So Late It's Probably Irrelevant Easter Post

Wednesday, April 18, 2012

I wasn't going to do an Easter post this year. I said what I needed to say about this holiday last year, and other than having another child in the house to corrupt with our heathen ways, nothing has  changed.

But I realized that the decisions I made about this year's Easter activities had nothing to do with atheism and everything to do with Autism and SPD. So, I decided it was worth writing about after all.

Dying Easter Eggs
Not. Gonna. Happen.

Hard boiled eggs are gross. I won't eat them, my husband won't eat them and I think it goes without saying Bear won't eat them.  And I refuse to waste food.  So, no egg dying at our house.

My solution is for us to bake and decorate egg and bunny shaped sugar cookies.  Baking together is a favorite activity that's full of opportunities for sensory stimulation - as long as you don't mind a little mess!

Easter Egg Hunts
Not. Gonna. Happen.

Our neighborhood does one. The latest newsletter bragged that at last year's Easter Egg Hunt, 3000 eggs were found in under 10 minutes.  I thought "that's supposed to make us want to go?!"

How much chaos does that mean?  More than I'm willing to subject my kid to.  And have I mentioned I'm a sensory avoider who suffers extreme anxiety in crowds?

I made the decision to pass on hunts before my friends talked about events where they saw older kids shoving toddlers out of the way and parents interfering so their darling could get the most eggs. No. Thanks. 

My Bear can barely make it through a quiet board game without freaking out if the other players don't play their turns the way he scripted in his head.  I'd rather not see how he'd handle being pushed aside while he was sighting the next egg with binoculars and triple counting how many steps it takes to reach it.

The solution? We had Easter brunch at Grandma's house and they very thoughtfully hid a few eggs around the living room.  He got the egg hunt experience in a safe place at his own pace. He got to do things like count and recount the eggs in his basket. And we got pictures like this.

The grandparents both eat hard boiled eggs, so when the hunt was done the eggs were quietly returned to the fridge and Bear happily went home with a small packet of organic jelly beans.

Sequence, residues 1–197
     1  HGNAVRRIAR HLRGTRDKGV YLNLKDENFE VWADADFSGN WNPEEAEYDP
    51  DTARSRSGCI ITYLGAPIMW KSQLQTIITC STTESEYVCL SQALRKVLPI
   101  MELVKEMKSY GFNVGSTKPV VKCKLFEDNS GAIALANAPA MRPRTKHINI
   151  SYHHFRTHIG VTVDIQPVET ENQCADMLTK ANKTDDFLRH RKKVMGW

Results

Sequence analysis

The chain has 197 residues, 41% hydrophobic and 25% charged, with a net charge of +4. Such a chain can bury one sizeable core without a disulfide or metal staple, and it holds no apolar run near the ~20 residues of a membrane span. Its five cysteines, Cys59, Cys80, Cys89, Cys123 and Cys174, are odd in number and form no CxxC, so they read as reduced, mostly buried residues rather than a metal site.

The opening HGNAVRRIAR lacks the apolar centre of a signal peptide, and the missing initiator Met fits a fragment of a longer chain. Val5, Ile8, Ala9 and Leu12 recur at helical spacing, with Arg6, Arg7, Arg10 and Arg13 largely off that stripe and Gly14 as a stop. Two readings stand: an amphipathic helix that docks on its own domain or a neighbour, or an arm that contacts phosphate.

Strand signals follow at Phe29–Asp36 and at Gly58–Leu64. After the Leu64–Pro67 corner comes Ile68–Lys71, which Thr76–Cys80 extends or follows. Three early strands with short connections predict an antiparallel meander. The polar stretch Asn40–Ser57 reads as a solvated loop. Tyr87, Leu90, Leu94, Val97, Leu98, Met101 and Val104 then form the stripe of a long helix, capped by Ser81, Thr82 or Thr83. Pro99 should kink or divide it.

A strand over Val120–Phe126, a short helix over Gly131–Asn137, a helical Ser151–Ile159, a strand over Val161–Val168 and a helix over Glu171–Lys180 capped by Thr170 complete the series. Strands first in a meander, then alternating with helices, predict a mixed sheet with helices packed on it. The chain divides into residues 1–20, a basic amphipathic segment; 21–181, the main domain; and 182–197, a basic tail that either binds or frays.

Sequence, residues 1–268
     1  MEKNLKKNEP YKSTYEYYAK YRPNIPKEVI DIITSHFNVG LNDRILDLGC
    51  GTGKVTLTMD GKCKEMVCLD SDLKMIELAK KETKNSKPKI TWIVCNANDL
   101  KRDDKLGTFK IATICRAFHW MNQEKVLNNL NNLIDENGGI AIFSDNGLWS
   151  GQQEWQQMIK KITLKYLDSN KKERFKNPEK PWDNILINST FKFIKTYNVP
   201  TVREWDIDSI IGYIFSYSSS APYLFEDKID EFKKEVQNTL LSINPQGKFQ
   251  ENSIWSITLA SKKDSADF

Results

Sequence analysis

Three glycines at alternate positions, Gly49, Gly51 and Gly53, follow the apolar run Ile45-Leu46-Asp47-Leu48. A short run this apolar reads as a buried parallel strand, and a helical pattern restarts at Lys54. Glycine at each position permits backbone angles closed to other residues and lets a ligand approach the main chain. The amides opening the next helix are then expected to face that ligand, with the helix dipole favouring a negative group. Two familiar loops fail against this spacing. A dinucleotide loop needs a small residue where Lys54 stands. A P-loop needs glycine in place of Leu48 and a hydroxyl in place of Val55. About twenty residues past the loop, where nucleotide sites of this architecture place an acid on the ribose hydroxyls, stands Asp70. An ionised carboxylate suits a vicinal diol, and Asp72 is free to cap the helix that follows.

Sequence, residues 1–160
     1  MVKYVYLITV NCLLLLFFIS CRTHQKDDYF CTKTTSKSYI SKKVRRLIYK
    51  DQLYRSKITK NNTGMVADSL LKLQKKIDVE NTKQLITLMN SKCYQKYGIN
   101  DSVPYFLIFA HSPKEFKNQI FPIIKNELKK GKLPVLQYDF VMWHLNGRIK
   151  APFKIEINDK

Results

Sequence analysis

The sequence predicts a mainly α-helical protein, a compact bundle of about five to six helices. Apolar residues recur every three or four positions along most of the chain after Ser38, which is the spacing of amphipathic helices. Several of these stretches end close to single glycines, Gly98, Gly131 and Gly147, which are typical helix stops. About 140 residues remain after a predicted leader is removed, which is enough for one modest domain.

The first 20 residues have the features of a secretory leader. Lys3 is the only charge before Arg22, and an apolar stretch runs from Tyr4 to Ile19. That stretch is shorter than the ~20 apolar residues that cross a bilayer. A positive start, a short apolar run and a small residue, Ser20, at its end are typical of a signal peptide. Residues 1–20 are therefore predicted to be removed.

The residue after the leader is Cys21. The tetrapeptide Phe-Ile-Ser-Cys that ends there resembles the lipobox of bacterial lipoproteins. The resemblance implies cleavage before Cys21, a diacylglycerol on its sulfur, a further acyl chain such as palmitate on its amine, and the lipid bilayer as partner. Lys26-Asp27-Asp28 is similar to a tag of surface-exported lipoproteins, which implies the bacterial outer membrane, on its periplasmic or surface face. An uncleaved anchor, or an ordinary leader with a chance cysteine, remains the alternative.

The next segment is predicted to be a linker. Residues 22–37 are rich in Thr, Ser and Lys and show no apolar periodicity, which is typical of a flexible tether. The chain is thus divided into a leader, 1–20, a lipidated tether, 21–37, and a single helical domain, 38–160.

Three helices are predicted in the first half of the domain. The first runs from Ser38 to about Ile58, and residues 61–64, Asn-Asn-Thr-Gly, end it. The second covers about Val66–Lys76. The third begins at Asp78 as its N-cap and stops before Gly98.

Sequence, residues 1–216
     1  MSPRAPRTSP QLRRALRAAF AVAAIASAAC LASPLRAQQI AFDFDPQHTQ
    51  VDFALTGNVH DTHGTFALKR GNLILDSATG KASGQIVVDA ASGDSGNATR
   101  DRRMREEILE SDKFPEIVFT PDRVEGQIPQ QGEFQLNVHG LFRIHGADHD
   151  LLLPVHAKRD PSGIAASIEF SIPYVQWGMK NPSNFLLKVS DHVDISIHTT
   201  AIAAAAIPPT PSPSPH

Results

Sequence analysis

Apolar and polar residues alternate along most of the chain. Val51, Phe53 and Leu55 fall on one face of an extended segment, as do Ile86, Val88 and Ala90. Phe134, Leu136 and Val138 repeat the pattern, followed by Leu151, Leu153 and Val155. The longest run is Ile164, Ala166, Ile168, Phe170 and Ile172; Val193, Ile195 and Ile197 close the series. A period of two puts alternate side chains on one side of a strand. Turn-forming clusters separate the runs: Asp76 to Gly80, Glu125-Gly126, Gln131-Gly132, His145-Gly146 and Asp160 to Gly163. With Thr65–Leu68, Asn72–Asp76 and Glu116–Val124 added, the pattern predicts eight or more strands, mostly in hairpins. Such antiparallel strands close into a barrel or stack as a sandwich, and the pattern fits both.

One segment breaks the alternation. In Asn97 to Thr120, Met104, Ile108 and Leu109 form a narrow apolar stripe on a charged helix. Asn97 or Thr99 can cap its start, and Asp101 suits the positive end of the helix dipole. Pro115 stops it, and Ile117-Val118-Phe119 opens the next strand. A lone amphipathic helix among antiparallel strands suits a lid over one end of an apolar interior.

Easter Baskets
Not. Gonna. Happen.

Insert inappropriate zombie carpenter joke here.
I don't want my kids to associate any holiday with boatloads of cheap candy. (For Halloween we pick a few favorite pieces and the Halloween Witch visits in the night to trade the rest for a small gift.)  Besides, my OCD can't stand the messy plastic grass or bunny themed tchotckes that are worse than McToys.

Plus, I can't afford the vet bills if my cat ate the plastic grass (a guarantee) or my dog got sick from eating all the candy (so common that vets call it Easter Basket Syndrome).

Did I mention I lovingly baked sugar cookies from scratch? And then let my child loose with big bowls of colored icing?  I was scraping icing drips off the counter for two days. I think that's more than enough sugar for one holiday.

Easter Bunny
At our house the Easter Bunny is a cheap, lazy version of Santa. He brings one modest gift (under $20) and leaves it - unwrapped - on the coffee table.  There's no unnecessary drama involving the perfect technique for unwrapping a gift, no meltdown when we won't let him open other people's gifts, no extra cleanup. Just happy kids. 

And really? If carefully limiting how we participate means we navigate the minefield of another overstimulating, overcommercialized, sugar laden, peer pressurized holiday and wind up with happy (regulated!) kids? That's all I can ask for.

More Effective Than a Blue Light Bulb

Friday, April 6, 2012

This morning Bear was moaning, twitching, flailing and crying before he even opened his eyes - I don't think I've ever seen him wake up already in a full meltdown. It took all I had to restrain him so he didn't accidentally hurt the baby, who was sound asleep next to us.

He finally woke up enough to stop thrashing, but was nonverbal for a good hour after that.  All I could think about was the fact we were supposed to pick up his glasses today and how on earth was THAT going to happen now?

Eventually he calmed down and I decided we might as well go for it.

The fitting was quick and easy.  I was relieved. We were turning to go when she noticed there was a small balance due to discrepancy with insurance.  So, we got in line to pay.

I could tell right away he wasn't going to make it.  After chasing a random customer trying to leave so he could explain that his glasses had a special chemical that made them dark, he started vocal stimming and touching all their (fragile) Easter decorations.  Then he started doing chin ups on the reception desk (a favorite sensory seeking stim for him in boring doctor's waiting rooms). 

He wasn't even close to being in a place where verbal prompts were going to reach him, but he was starting to get That Look from several people in the lobby and I needed to look like I was trying.

Thankfully, the receptionist noted my dilemma and made short work of my small transaction just as he was really starting to ramp things up.

I picked him up, cheerfully announced to those staring at us "It's Autism Awareness Month! Look! Now you're aware of Autism!" and got the hell out.